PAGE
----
Book Reviews: The Lonely Hearts Club by Elizabeth Eulberg and Murder in Megara by Mary Reed and Eric Mayer

The Lonely Hearts ClubThe Lonely Hearts Club
Elizabeth Eulberg
Point, January 2010
ISBN 978-0-545-14031-7

Penny Lane Bloom—her parents met at a makeshift shrine in a Chicago park the night John Lennon was shot—should hate the Beatles, but she accepts her parents’ fandom. After all, her older sisters are named Lucy and Rita, and all the family’s vacations have been spent in Liverpool.

The summer before her junior year in high school, long time friend Nate is pressuring Penny for sex. She resists, but she knows she and Nate are perfect for each other. But when she stops by for a surprise visit, he’s on the couch—with another girl.

While staring at one of the many Beatles posters in her room, Penny’s brainchild is hatched. She’ll quit dating loser guys, getting lied to, and enjoy the benefits of being single. It’s the Lonely Hearts Club, and if Penny is the only member, it’s just fine with her.

Reluctantly, her best friend Tracy joins her, and so does popular cheerleader Diane, who had just broken up with the school’s most popular athlete. Diane decides to quit cheerleading and with the support of the girls in the club, tries out for basketball.

This is an upbeat debut novel about girls and friendship. There is brief mention of sexual activity, underage drinking, and eating disorders, but it’s mostly about solidarity among girls. It’s a funny and fun choice for young adult readers.

Reviewed by Susan Belsky, January 2016.


Murder in MegaraMurder In Megara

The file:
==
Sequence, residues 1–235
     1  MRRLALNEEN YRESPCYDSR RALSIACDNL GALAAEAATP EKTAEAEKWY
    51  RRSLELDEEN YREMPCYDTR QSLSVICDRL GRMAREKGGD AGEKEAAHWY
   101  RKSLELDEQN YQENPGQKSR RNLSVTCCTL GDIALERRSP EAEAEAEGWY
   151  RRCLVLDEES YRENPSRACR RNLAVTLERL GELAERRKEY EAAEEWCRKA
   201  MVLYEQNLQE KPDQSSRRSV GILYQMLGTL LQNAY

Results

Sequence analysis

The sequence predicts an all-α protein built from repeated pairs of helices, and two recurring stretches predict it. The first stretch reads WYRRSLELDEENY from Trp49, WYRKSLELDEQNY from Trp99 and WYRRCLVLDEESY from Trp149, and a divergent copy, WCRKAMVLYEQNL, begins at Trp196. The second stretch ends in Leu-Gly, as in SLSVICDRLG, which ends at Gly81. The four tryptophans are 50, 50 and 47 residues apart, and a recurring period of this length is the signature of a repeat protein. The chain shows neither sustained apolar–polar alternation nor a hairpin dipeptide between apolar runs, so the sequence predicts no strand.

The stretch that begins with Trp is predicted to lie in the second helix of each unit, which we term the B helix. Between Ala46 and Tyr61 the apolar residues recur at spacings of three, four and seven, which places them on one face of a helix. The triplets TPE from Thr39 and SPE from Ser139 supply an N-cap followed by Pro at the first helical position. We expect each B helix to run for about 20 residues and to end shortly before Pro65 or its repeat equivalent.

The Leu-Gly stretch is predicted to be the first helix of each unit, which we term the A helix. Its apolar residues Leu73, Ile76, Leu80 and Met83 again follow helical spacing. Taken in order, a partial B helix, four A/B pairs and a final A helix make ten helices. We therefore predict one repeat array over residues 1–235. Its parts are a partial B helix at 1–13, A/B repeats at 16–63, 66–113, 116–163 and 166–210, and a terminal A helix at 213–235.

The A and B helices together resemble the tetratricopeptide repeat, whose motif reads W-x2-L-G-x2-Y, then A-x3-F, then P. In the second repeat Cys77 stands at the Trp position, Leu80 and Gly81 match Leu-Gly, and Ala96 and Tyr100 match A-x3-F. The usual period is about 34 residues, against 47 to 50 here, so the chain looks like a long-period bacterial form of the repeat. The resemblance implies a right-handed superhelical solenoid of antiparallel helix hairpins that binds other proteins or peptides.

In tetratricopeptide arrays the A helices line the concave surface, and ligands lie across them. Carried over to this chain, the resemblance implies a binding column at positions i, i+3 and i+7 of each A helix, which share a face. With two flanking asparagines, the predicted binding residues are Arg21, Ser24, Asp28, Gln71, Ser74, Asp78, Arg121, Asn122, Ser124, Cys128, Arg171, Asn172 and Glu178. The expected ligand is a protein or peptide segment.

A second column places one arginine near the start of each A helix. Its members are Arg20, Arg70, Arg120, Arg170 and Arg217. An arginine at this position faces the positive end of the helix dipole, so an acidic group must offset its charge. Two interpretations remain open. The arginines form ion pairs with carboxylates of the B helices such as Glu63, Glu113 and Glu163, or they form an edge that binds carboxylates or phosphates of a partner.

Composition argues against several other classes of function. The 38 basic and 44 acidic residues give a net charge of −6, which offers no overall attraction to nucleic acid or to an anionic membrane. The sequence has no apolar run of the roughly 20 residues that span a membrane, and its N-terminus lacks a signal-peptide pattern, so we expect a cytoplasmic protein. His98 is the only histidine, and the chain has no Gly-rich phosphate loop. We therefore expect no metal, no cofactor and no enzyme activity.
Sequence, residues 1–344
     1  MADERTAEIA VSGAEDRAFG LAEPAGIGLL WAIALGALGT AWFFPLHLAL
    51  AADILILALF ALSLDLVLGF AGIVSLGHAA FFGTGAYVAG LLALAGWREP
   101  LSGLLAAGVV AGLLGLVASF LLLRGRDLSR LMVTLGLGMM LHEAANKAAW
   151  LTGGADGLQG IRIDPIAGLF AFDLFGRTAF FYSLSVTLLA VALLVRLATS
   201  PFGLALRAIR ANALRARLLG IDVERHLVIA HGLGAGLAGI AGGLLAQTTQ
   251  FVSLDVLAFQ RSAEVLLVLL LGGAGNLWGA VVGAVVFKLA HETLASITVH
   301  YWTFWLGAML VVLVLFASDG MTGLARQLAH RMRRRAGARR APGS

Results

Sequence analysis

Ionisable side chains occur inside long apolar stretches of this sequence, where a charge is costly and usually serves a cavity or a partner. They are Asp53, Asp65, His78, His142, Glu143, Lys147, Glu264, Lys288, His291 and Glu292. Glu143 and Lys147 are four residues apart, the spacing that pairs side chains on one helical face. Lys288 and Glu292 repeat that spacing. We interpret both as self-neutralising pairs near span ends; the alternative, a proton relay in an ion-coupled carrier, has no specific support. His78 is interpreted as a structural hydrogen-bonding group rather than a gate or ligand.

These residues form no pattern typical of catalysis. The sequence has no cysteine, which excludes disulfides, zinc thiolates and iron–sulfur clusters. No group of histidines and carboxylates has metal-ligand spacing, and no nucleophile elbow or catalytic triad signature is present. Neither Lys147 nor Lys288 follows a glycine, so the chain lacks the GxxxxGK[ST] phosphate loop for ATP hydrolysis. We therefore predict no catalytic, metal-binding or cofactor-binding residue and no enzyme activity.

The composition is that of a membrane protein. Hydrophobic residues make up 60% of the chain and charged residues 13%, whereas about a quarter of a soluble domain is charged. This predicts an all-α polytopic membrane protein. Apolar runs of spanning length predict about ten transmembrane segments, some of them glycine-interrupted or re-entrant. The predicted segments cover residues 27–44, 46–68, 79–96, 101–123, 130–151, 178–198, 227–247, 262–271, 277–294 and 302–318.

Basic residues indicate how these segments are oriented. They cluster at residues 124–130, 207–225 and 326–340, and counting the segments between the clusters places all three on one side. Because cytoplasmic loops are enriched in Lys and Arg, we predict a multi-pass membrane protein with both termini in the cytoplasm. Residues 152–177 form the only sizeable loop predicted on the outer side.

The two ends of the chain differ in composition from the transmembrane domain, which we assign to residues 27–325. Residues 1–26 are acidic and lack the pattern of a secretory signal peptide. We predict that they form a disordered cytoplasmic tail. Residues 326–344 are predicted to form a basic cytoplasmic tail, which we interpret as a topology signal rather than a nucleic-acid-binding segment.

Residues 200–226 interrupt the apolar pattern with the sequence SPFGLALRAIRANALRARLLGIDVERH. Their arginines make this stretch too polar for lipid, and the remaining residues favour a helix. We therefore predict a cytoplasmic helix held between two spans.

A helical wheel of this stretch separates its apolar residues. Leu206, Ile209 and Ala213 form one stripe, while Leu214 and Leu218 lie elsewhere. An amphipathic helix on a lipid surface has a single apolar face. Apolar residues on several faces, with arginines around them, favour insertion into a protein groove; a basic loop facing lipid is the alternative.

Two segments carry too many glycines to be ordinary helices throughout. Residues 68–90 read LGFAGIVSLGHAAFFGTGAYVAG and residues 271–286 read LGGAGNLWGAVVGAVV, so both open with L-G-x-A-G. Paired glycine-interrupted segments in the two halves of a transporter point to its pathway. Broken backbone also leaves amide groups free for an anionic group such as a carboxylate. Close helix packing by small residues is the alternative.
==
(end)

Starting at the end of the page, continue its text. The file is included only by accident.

A John the Lord Chamberlain Mystery #11
Mary Reed & Eric Mayer
Poisoned Pen Press, October 2015
ISBN: 978-1-4642-0406-7

The eleventh novel is this fine historical series shows the usual careful and extensive research that are hallmarks of this writing team. The deposed Lord Chamberlain has left Emperor Justinian’s Court at Constantinople and taken his household to his family holdings near the seedy town of Megara which at that Byzantine time was part of Greece. It was located near Corinth and Athens. His appearance is not welcome as he upsets the routines and rhythms of the place and causes numerous rifts and tears in alliances both above and below board. Corruption is well-known and runs smoothly if not lawfully in Megara and John is causing waves. Within days murder is afoot and local authorities are quick to accuse the newcomer and members of his household of several crimes including murder and blasphemy. Sorting out the threats, staying out of jail and returning to favor of the Roman Court, not to mention staying alive, appears to be a pretty tall order.

The plot moves steadily forward, the pages of the novel are thickly peopled with interesting people and readers will enjoy the intimate views and thoughts of both high and low-born citizens. Since followers of the series understand that certain characters, regardless of the negative vicissitudes of life visited upon them, will survive, however there are several likeable and vulnerable characters about whom to speculate. Excellent enjoyable novel.

Reviewed by Carl Brookins, February 2016.
The Case of the Purloined Painting, The Case of the Great Train Robbery, Reunion, Red Sky.